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Is caffeine addictive?

Intrigued by a study released in the UK last month in which caffeine was shown to improve concentration and reduce workplace mistakes among workers, I wrote an article for which I interviewed experts about caffeine's effects on the brain, its potential dangers, and its ever-increasing popularity with ever-younger people.

A debate is raging among coffee and energy-drink consumers, the medical community and the media about whether caffeine is officially addictive.

Dr. Harold Urschel, chief medical strategist of the Dallas-based addiction-management company, author of Healing the Addicted Brain, and fellow Psychology Today blogger, told me:

"Caffeine is quite addictive in the sense that it is a psychoacive substance. It stimulates certain chemical systems in the brain and this keeps you awake. If you use it on a daily basis, you develop a tolerance, just as you would to pain pills or other drugs. After a while, you need more and more to produce the same effects. Unfortunately, along with waking you up, caffeine also makes you agitated, irritated, and anxious - and those effects increase along with your daily dosage of caffeine. You get acclimated to caffeine's wake-up aspect, but never to its agitation, irritation, and anxiety aspects."

These effects are even more extreme in people with anxiety disorders or clinical depression, Urschel said.

"We're not sure why at this point, but whatever caffeine does in the brain makes the symptoms of those conditions worse. Your brain has changed because of your mental illness. Your neurochemical changes are out of balance, so you've become exquisitely sensitive to caffeine. You could have one cup of coffee on Monday morning and still be feeling its effects on Wednesday night. It's that bad."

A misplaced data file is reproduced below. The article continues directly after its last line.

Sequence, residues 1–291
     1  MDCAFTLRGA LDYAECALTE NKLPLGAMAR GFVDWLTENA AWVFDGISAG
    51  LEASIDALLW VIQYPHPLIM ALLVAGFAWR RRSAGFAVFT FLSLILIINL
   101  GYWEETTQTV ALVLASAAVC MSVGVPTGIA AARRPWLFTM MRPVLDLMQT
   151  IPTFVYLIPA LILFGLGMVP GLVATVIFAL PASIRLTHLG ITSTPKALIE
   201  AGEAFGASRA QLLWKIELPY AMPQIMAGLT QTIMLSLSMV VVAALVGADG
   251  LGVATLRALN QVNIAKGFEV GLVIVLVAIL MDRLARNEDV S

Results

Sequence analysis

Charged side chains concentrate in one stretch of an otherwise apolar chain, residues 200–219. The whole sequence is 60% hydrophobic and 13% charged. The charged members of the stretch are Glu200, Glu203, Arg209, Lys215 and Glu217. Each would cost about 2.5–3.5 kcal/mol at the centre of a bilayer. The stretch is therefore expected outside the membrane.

But are my beloved three daily cups of Lifeboat Tea really all that dangerous? Even some folks with scientific backgrounds firmly defend caffeine. Longtime biology teacher Ted Kallmyer is one of two caffeine fans helming, a fun and very informative site that reviews caffeinated drinks and offers detailed reports on their contents.

"Caffeine has been used by mankind for centuries," Kallmyer tells me, "and it is the most widely used drug on the planet." (Some say that title officially goes to aspirin.) "The demands of our modern lifestyle facilitate an even greater need and dependence on caffeine and this has created quite a market for innovative products that contain caffeine in pretty potent levels. It has also created a lot of fear and misconception in the media, especially by those who would seek to sensationalize the whole caffeine debate and distort the facts in some cases making it appear as though caffeine will be the downfall of mankind.

"Personally, I believe that caffeine is fine in moderation and can be a useful dietary aid for helping a modern society keep up with all that is demanded of them. I keep a close watch on caffeine studies and research regarding caffeine, coffee, energy drinks, etc., and there has been nothing published that dissuades me from my views. ... However, just like with anything, we have to act responsibly when consuming caffeine and we have to make sure our irresponsible children are being looked after and taught how to make good choices when it comes to caffeine consumption....

"I think caffeine tends to get a lot of bad press, but in reality an extremely small percentage of the population is adversely effected by caffeine and in those cases it is usually blatant irresponsibility on the kid's part and the parent's part. The real epidemic in Western society isn't caffeine addiction but food addiction. The obesity crisis is costing taxpayers billions of dollars and fast food continues to make booming profits. The only reason I bring this up is because of perspective, as it seems that anti-caffeine proponents try to make mountains out of molehills when the real mountain is looming overhead."